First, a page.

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EXPLOREMY LIBRARY
Creative Machine Embroidery

Creative Machine Embroidery

Summer 2021
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Creative machine Embroider is filled with ideas, techniques and projects to spice up fashion accessories, gifts or home decor.

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Country:
United States
Language:
English
Publisher:
Peak Media Properties, LLC
Frequency:
Bimonthly
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$30.53
6 Issues

in this issue

1 min.
the editor

Dear Readers, With this issue, we’re celebrating 20 years of machine embroidery magic! With the release of the first stand-alone issue of Creative Machine Embroidery back in 2001, we couldn’t have guessed what was in store for us and this community: the awe-inspiring technology advances, the highly specialized products that would be imagined and created, the artistry and talent that would be fostered, the many independent businesses that would flourish. What a span of years to witness, especially through the lens of machine embroidery. And now, to celebrate! In this issue, we’ve gathered a few of our favorite things for you: • our favorite reader tips from 20 years of incredible advice shared (page 6) • must-know techniques for stabilizer, placement, tools and more to make your machine embroidery successful (page 30) • a handy…

2 min.
tips & tricks

WRAP RECYCLE Recycle a plastic wrap or foil container, using is as a tear-away stabilizer storage and cutting tool. DeeDee L., email DENSE DESIGNS If tear-away stabilizer falls off the project during stitching because the design is too dense, rehoop the project with a cut-away stabilizer. Jackie N., email HOOP STATION Store hoops and rulers in a vertical desk organizer or vertical napkin holder. Jackie T., Facebook WRAP STAR Cut flexible tubing into sections and slice down one side to store bobbins and keep them dust-free. Dana D., Facebook PEANUT PERFECTION When using metallic threads, place a packing peanut at the beginning of the threading on your machine to straighten the thread and avoid curls. Lara T., Facebook FINAL TOUCH When making magnets, key chains or other small in-the-hoop projects where the reverse side is visible, color the edges of the design using matching fabric markers…

4 min.
must haves

1. We all have been in that position when someone picks up our fabric scissors to cut paper or open a package. In addition to labeling your scissors, share your reverence for your fabric scissors with this great enamel Fabric Only Pin designed by Bearface Design from Spoon and Spindle. This is the perfect gift for a sewist and avid pin collector to adhere to a jacket or bag. ($10.00 CAD ($7.75); spoolandspindle.ca) 2. After all the work of stitching and embroidering a garment or project, a custom label is the perfect finishing touch. We love these Sew-In Labels from Sew to Grow that come in a multi pack filled with seven different and unique designs sayings including “My Size,” “I Rock this Frock” and “Perfectly Imperfect”. These labels are also…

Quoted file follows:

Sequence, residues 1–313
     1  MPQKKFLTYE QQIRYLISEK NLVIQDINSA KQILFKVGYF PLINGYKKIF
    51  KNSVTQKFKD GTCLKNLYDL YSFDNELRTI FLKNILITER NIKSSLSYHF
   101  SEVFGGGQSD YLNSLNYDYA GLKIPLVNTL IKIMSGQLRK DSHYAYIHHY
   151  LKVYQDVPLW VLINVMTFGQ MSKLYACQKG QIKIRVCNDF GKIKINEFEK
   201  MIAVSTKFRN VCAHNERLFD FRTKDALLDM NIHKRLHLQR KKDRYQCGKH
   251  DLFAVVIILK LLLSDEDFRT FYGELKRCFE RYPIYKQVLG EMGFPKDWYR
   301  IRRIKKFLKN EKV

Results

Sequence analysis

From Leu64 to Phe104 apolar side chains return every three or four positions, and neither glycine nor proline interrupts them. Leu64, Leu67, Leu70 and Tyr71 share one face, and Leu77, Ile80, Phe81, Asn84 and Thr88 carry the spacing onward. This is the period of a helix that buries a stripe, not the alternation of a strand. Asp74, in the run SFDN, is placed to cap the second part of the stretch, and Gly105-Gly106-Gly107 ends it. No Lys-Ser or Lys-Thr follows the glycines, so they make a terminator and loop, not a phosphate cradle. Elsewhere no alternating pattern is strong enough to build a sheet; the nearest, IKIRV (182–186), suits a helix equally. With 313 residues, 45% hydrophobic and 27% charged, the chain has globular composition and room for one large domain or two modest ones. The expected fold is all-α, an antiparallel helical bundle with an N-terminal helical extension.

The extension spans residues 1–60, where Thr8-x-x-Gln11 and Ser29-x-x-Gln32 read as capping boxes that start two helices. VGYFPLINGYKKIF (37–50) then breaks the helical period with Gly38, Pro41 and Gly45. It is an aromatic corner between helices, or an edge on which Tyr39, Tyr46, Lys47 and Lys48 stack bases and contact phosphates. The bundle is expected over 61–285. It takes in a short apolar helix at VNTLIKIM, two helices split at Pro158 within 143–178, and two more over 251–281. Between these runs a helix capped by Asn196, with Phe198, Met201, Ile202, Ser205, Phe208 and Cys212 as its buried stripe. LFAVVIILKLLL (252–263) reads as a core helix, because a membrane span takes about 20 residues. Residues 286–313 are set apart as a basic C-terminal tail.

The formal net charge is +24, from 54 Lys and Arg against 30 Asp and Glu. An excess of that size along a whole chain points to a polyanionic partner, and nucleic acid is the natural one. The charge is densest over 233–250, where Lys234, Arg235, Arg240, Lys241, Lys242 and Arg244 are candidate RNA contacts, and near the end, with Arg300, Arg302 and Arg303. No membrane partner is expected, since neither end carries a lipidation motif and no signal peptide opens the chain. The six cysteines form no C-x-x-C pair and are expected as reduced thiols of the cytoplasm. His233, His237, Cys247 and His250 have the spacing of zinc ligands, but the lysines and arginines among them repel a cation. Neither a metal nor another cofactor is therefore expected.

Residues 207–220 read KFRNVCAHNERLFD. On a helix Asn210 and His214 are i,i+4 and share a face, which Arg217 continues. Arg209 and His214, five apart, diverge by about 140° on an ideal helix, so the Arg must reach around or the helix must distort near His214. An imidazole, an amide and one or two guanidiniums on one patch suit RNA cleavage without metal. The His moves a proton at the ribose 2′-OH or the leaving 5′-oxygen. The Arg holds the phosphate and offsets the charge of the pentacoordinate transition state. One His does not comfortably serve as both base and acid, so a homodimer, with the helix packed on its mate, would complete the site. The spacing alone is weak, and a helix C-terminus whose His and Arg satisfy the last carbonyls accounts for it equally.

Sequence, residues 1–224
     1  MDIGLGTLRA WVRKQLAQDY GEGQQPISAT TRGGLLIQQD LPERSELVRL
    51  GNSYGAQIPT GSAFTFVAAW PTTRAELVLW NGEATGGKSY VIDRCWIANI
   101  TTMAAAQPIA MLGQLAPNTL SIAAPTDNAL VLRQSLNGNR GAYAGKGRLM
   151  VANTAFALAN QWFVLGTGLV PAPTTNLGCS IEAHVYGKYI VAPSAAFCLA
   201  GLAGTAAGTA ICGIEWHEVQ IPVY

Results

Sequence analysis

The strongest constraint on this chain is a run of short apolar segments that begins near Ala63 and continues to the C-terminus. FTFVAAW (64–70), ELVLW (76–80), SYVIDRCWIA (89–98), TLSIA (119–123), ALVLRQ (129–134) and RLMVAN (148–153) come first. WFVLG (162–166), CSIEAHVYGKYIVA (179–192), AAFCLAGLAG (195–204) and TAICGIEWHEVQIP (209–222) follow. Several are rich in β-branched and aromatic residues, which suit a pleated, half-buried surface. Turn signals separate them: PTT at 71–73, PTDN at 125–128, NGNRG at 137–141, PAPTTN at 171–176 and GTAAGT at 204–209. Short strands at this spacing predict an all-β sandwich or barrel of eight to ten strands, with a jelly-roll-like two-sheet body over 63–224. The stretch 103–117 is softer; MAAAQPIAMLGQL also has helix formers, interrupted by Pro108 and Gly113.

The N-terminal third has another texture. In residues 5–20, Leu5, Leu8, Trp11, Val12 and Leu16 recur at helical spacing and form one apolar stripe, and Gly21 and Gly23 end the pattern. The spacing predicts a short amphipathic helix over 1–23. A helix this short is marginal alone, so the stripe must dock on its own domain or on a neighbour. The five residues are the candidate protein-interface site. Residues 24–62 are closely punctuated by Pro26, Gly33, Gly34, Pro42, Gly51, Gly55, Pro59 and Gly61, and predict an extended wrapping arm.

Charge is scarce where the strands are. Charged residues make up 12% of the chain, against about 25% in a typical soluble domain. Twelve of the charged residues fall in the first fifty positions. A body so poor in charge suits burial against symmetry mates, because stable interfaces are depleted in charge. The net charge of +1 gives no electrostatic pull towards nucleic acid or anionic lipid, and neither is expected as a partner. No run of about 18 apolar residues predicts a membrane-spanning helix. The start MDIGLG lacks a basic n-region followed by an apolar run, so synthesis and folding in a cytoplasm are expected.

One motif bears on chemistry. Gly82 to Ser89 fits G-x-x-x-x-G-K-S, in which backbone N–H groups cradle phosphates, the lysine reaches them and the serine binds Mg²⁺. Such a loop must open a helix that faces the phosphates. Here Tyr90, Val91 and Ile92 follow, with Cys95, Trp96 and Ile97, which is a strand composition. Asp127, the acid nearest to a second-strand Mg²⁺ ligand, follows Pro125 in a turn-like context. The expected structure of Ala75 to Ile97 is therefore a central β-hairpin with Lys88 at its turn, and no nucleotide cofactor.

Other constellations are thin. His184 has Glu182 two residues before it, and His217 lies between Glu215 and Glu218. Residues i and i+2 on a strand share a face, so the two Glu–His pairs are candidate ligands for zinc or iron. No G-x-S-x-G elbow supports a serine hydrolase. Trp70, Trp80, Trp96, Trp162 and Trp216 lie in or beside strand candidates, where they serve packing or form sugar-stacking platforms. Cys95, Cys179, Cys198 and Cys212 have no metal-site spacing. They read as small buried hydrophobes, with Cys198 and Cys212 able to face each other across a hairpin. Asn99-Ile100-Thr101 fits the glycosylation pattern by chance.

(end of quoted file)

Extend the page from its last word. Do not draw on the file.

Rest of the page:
4 min.
needles 101

SYSTEM The needle system is denoted on the package by a series of numbers/ letters (A). There are many needle systems for commercial machines, but most home machines use the 130/705H system. Check your machine manual for the needle system that your machine uses. The needle system number is listed on all needle packages, regardless of the needle type or use. The needle system number may be followed by a dash and another letter. That letter refers to the needle type, such as 130/705H-J for Jeans or 130/705H-E for Embroidery. SIZE The needle shaft size is denoted by a set of two numbers, such as 80/12, on the package. The first number is the European metric number, and the second number is its American equivalent. The larger the number, the larger the needle…

1 min.
change is good

Consider the following guidelines when deciding how often to change a needle: • In general, change the needle for every four to six hours of embroidery time. Change needles more often if embroidering heavyweight fabrics. • Change the needle any time the threads in the design appear less than desirable. • Change the needle before embroidering on lightweight or sheer fabric. A burred needle could damage the delicate fabric. • If you experience thread breakage or fraying, first try rethreading the needle. If the thread breaks again, change the needle. • If thread loops appear on the fabric right side, change the needle. • Change the needle immediately if you hear any unusual or popping sounds.…

4 min.
fabric foray: sheers

Sheers encompass a variety of transparent or semi-opaque fabrics and fibers, such as pure silk chiffon, polyester organza and nylon tulle. Some sheers are available with beautiful iridescent or metallic finishes. While most sheers are suitable for embroidery, the stiffer varieties are the easiest to work with. Sheers are ideal for making eveningwear, elegant daywear, bridal wear, dance costumes and special occasion garments. Soft sheers, such as silk chiffon, are used for blouses or flowing dresses. Stiff sheers, such as organza, are ideal for overlays and look nice with coordinating or contrasting satins and silks. Use organza when making corsages and appliqués. Use tulle when making bridal veils or overlays for bodices. As a general rule, choose loose, simple styles with minimal seams. For fitted garments, use sheers as overlays with…